The flexibility gained for users with this type of arrangement comes with a price, however. It is very difficult to manage such a diverse and widely dispersed network for many reasons. Servers installed in the wide area network are frequently not all of the same variety. One regional office may be using an IBM computer with a UNIX operating system, while another regional office may be using a DEC computer with a VMS operating system. In addition, applications present on the servers throughout the network vary in terms of not only type, but also product release level within an application type. Moreover, the applications available are changed frequently by users throughout the network, and failure events in such a network are usually difficult to catch until after a failure has already occurred.

When an error occurs, the System Administrator or support technicians must determine what caused the error, attempt to recover any lost data, and prevent the error from recurring. It is helpful if applications, operating systems, system service records and important events such as low-memory conditions or excessive attempts to access a disk are known. The System Administrator can use event logs to help determine what conditions caused the error and the context in which it occurred. By periodically viewing the event logs, the System Administrator may be able to identify problems before they cause damage to the computer network.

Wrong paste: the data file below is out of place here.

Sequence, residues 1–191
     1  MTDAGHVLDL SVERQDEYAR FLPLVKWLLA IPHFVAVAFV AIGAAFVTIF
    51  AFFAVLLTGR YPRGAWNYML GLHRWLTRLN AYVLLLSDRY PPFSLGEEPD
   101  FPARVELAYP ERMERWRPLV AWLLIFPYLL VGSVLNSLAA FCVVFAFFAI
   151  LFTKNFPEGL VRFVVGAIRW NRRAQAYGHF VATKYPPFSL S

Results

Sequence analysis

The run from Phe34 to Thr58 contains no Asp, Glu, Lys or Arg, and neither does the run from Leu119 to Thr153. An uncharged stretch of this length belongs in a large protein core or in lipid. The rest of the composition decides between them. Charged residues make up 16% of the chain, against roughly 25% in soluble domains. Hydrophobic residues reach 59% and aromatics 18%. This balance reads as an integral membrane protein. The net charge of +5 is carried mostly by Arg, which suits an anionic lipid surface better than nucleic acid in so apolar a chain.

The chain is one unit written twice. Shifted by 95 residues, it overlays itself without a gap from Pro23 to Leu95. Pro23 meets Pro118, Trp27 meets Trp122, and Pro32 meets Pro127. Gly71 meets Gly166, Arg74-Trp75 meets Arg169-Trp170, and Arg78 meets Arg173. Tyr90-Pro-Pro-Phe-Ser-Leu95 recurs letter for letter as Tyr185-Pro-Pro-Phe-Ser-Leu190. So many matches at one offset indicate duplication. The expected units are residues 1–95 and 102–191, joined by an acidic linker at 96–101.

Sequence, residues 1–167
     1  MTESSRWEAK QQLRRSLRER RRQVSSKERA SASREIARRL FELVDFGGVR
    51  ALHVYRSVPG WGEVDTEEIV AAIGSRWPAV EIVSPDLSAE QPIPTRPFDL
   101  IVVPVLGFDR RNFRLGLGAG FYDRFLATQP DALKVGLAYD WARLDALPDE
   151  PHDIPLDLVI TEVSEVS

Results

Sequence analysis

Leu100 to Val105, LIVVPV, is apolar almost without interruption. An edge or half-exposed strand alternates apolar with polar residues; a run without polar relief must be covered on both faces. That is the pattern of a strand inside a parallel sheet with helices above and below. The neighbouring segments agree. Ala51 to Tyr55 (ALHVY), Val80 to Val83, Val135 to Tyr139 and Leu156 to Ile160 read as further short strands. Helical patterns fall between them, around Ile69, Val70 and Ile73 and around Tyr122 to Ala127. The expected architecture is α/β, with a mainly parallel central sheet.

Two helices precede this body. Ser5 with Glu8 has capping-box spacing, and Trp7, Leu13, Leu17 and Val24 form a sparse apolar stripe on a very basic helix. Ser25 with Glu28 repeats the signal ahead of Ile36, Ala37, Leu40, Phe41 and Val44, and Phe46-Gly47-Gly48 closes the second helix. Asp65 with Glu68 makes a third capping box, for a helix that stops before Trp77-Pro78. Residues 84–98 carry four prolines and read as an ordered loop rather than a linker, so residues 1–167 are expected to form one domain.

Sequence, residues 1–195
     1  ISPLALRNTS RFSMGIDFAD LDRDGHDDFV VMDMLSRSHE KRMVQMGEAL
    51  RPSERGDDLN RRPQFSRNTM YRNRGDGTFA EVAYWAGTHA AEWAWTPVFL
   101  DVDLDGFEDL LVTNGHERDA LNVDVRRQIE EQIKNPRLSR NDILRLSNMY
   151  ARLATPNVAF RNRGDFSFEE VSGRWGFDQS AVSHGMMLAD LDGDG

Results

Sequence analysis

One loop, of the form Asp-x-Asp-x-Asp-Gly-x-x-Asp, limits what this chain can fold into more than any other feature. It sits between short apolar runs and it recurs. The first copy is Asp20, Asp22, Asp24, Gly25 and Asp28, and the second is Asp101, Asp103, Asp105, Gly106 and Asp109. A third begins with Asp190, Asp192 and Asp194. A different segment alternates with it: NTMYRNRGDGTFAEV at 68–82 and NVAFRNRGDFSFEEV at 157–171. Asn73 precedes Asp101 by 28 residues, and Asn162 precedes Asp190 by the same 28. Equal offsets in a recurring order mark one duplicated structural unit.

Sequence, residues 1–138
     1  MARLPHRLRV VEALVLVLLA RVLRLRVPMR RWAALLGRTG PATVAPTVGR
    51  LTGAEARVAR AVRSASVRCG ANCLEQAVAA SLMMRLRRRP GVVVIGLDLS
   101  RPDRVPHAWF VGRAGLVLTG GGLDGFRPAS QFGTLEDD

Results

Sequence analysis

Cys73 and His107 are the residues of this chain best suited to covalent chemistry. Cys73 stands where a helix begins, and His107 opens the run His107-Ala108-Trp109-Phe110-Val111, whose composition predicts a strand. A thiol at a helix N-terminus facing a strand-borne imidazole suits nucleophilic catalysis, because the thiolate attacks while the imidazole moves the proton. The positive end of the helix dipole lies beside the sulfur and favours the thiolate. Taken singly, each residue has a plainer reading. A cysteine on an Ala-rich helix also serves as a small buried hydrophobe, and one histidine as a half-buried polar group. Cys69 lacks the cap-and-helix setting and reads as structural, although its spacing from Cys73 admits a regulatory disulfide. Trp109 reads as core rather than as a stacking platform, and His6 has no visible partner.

Although event logs enable the System Administrator to possibly understand the nature of computer network failures, the management of the event logs poses a monumental problem. Event logs grow in size very rapidly and consume large areas of disk space. A large volume of event logs may contain the source of a network failure but sorting though voluminous event logs is a daunting and time consuming task. For example, a computer network supporting the Windows NT platform was introduced by Microsoft® several years ago. System Administrators have struggled with the task of maintaining their event logs ever since.